Tuesday, 18 October 2016

Glasgow // Anywhere

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[source] // Ingeram Street, Glasgow

The Glasgow Necropolis in Scotland is a Victorian cemetery, founded 1832, on a prominent hill east of Glasgow Cathedral (aka St. Mungo’s Cathedral) Fifty thousand individuals have been buried in this informal parkland. FIFTY THOUSAND.:
[source] // Glasgow Necropolis
NB: Aberdeen is a city in the north-east of Scotland. The Clyde is a river that runs through Glasgow.

~***~

“I’m from Aberdeen,” he said.

“Really?” I smiled. “I’ve only been once, years ago. I didn’t see much of the city.”

His lip curled with delicate disdain. “You’re not missing out.”

This exchange took place in a car on the south side of Glasgow, and I’ve thought about it more since than I’d care to tell this Aberdonian friend. It sort of broke my heart.

How often have I had these conversations about home cities and hometowns? The rolling of the eyes, the sarcasm lacing the voice as they speak of this place they’ve come from, this place they only grudgingly call home. I have no affection for Aberdeen – I have only been once, as I said, cold, faraway city – but the urge to defend it came upon me in a sudden hot rush. Because if he does not love his city, where does that leave him?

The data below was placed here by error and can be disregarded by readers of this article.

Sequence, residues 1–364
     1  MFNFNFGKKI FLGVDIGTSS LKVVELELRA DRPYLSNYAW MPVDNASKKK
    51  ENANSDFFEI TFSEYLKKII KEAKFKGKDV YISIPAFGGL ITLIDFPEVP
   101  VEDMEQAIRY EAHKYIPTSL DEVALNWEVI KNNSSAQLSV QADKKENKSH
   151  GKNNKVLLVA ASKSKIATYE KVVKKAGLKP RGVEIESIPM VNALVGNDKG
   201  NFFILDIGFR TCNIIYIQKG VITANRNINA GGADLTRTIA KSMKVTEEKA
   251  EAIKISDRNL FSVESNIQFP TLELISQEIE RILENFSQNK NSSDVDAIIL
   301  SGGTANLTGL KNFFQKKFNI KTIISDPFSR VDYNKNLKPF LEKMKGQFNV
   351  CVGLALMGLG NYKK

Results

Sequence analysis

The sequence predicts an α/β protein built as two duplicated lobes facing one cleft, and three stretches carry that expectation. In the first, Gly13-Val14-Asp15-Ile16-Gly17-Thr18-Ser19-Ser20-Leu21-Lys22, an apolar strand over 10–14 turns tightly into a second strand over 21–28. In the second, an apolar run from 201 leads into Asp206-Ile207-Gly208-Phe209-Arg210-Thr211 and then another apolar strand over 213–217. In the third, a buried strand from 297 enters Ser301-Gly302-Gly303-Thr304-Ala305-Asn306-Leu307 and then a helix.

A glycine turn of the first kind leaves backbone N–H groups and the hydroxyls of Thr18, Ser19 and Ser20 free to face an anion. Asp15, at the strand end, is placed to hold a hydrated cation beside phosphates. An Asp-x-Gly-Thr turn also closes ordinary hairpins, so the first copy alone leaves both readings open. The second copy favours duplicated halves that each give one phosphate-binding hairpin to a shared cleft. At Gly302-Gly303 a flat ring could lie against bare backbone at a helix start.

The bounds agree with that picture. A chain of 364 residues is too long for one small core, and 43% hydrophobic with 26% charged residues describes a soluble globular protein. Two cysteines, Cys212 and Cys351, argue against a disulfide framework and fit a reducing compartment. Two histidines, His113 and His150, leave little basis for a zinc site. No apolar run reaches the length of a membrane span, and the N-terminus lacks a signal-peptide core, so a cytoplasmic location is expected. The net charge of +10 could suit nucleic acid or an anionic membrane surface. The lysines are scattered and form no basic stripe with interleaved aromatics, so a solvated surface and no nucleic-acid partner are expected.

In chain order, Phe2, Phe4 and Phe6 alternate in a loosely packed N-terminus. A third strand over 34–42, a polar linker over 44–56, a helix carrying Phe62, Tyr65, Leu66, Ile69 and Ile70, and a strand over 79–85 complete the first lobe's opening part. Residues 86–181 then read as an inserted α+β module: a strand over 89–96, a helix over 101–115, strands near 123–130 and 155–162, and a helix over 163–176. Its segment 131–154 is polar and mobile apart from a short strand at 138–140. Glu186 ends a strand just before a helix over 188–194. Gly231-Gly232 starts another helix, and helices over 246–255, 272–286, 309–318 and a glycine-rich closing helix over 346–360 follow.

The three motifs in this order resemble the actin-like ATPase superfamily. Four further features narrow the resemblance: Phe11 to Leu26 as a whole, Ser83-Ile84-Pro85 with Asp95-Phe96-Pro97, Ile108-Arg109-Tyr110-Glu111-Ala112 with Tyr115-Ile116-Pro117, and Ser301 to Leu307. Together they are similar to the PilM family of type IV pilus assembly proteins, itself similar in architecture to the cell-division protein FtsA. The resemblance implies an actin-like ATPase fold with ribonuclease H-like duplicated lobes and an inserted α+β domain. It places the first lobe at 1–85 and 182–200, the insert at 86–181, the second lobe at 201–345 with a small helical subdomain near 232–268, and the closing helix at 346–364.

I work in a cheap shop in Glasgow. Days pass in laughter, dialect, a lingering smell of cigarettes. As I tidy I read brand names idly: Anesia Paris. La Bottine Souriante, Made in Italy. Brightly coloured purses bear the cheap gold letters of a simple LONDON. 

How many of these women have been to Paris, to Italy? I’ve never visited either, and I’d bet most of my customers are the same. What is London? It is hours and hours on the train from Glasgow. It is a beautiful, bright, bewildering maze of tourist attractions and glittering lights, the subway a baffling tangle of colourful threads. It is a place to go for the weekend, a place to love with an outsider’s eyes, a place that ends when we step on the train at Paddington or Euston and return, hours north, to Glasgow Central. I would love to live in London one day, to know it not as tourist destination but as home, but for now it is only a brief exciting trip, or six gold letters on a wallet. Why would I want it, a city I don’t know and that doesn’t know me, emblazoned on my purse? Why would I want PARIS, when I’ve never even been, curling across my bag, my shoes? We should not want the transferred, hollow glamour of cities not our own, and yet we do, hence the stacks of foreign place names in my Glasgow shop

I think back to Aberdeen: “You’re not missing out.” Is it this – a lack of love for our homes – that drives us to the false arms of London and Paris?